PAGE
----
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We now turn to properties of the individual absorbers. Accurate spectra have been obtained at the MMT and CTIO 4-m in order to (a) test the damping hypothesis for the Ly-alpha profile of each `disk candidate', (b) confirm the redshift with the wavelengths of narrow metal lines, and (c) derive physical parameters for the absorbing gas. A full description of the observations and analysis is given in Turnshek et al. (1989) and Wolfe et al. (1988). The essential results are summarized in what follows.

All of the spectra blueward of Ly-alpha emission have been obtained with the MMT at a resolution of Delta lambda = 1 - 2 Å. Figure 1 is a sample of spectra in which redshifts determined from the metal lines have been used to shift the wavelength scale to the restframe of each damped Ly-alpha absorber. In QSOs with two damped systems, a restframe spectrum is shown for both redshifts. In every case Ly-alpha takes on the characteristic shape of a profile with damping wings. Quantitative tests show that most of the damped fits to the observed profiles are quite good. The wide range in W(Ly-alpha) illustrated in Figure 1 indicates that the damped systems exhibit wide variations in N(HI). Figure 1 also shows that in cases where the metal lines are predicted to occur redward of Ly-alpha emission, CII lambda1334 is detected. When low-ion metal lines such as CII are predicted to occur blueward of Ly-alpha emission, confusion with the Ly-alpha forest lines is inevitable. To determine redshifts in those cases, we obtained the FeII lambdalambda 2367-2600 multiplets and the MgII doublet with red spectra acquired with the CTIO 4-m.

Figure 1

Figure 1. Restframe Ly-alpha forest spectra of some sample QSOs with damped Ly-alpha absorption plotted on the same scale. Damped Ly-alpha is labeled with an arrow.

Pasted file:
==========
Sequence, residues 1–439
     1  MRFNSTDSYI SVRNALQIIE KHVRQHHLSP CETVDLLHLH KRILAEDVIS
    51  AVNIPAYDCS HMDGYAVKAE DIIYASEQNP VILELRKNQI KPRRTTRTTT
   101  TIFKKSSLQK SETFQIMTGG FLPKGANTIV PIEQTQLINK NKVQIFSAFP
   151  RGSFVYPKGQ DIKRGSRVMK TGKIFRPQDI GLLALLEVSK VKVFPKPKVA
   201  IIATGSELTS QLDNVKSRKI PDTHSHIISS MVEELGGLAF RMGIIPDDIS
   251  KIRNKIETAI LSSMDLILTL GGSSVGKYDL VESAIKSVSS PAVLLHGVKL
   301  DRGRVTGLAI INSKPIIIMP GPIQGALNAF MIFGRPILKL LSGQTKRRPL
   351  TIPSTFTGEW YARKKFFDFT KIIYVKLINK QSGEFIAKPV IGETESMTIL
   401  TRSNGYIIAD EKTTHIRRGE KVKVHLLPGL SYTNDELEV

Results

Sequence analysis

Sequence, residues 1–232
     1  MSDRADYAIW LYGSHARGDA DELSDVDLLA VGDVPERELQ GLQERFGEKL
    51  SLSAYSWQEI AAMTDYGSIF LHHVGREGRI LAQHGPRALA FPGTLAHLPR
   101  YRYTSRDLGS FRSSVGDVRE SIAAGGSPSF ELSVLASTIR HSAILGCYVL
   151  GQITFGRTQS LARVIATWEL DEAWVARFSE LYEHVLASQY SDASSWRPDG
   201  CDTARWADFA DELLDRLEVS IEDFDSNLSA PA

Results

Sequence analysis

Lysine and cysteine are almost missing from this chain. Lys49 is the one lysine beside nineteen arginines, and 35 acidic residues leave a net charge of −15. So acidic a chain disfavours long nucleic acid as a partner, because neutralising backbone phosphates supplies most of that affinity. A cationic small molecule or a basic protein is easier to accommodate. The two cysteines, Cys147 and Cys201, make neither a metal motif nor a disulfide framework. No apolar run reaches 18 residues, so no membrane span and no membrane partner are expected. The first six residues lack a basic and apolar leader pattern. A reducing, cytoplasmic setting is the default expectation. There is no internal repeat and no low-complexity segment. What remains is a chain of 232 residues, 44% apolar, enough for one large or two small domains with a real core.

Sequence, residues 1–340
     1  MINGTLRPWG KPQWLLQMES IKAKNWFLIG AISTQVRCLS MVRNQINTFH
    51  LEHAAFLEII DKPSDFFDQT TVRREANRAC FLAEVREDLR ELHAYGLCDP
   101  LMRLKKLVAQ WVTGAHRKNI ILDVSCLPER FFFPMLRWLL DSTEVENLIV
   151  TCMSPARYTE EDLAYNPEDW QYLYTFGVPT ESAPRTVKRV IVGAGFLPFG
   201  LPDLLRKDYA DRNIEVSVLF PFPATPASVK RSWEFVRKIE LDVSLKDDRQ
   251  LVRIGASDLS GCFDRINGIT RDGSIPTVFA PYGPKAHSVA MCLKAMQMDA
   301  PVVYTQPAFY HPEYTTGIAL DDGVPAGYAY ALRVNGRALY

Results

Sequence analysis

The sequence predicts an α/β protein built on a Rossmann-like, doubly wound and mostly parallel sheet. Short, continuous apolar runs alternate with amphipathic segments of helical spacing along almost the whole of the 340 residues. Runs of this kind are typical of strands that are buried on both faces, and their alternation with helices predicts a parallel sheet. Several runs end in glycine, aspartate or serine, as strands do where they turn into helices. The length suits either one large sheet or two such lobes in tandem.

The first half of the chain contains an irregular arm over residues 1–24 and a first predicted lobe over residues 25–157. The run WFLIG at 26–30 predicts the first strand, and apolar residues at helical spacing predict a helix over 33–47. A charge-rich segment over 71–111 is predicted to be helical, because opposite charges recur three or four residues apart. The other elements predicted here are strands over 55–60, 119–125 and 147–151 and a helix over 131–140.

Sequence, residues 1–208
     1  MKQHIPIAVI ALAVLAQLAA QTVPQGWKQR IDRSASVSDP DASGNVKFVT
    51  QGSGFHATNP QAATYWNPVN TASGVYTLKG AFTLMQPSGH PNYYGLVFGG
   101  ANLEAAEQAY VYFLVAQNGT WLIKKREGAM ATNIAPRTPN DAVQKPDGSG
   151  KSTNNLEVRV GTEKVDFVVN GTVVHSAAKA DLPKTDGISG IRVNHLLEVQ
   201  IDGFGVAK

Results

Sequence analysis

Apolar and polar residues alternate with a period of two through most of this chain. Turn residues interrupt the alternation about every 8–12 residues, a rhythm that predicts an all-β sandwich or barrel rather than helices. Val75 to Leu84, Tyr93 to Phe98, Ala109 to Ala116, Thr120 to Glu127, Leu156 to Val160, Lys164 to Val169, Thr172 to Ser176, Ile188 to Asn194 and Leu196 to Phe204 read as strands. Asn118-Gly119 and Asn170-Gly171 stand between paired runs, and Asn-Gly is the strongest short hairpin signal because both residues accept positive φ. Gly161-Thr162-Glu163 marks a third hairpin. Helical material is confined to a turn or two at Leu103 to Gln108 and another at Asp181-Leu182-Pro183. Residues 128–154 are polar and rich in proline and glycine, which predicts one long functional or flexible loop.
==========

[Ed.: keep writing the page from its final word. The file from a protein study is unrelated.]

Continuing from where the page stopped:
Comparison between the metal-line and Ly-alpha profiles on a velocity scale is particularly valuable, as it provides a sensitive test of the damping hypothesis, even in cases where the signal-to-noise ratio of the data is not optimum. In every case the metal-line profiles resemble the example in Figure 2, in which a narrow, unresolved (Deltav approx 150 km s-1) metal line is located at the center of a symmetric Ly-alpha feature which appears to have Deltav geq 3000 km s-1. The broadening mechanisms for the two transitions are obviously different. The CII line is broadened by Doppler motions, while quantum mechanical effects dominate the Ly-alpha profile. This is in contrast to CIV-selected systems with wide Ly-alpha lines. In those cases the metal lines break up into multiple narrow components (a) which span velocity intervals not much smaller than that covered by Ly-alpha , and (b) which are not symetrically displaced with respect to the center of Ly-alpha (Bechtold, Green and York 1987; Bechtold 1987). In this instance both Ly-alpha and the metal-lines are Doppler broadened, with Ly-alpha assuming a larger width due to an increase in saturation.

Figure 2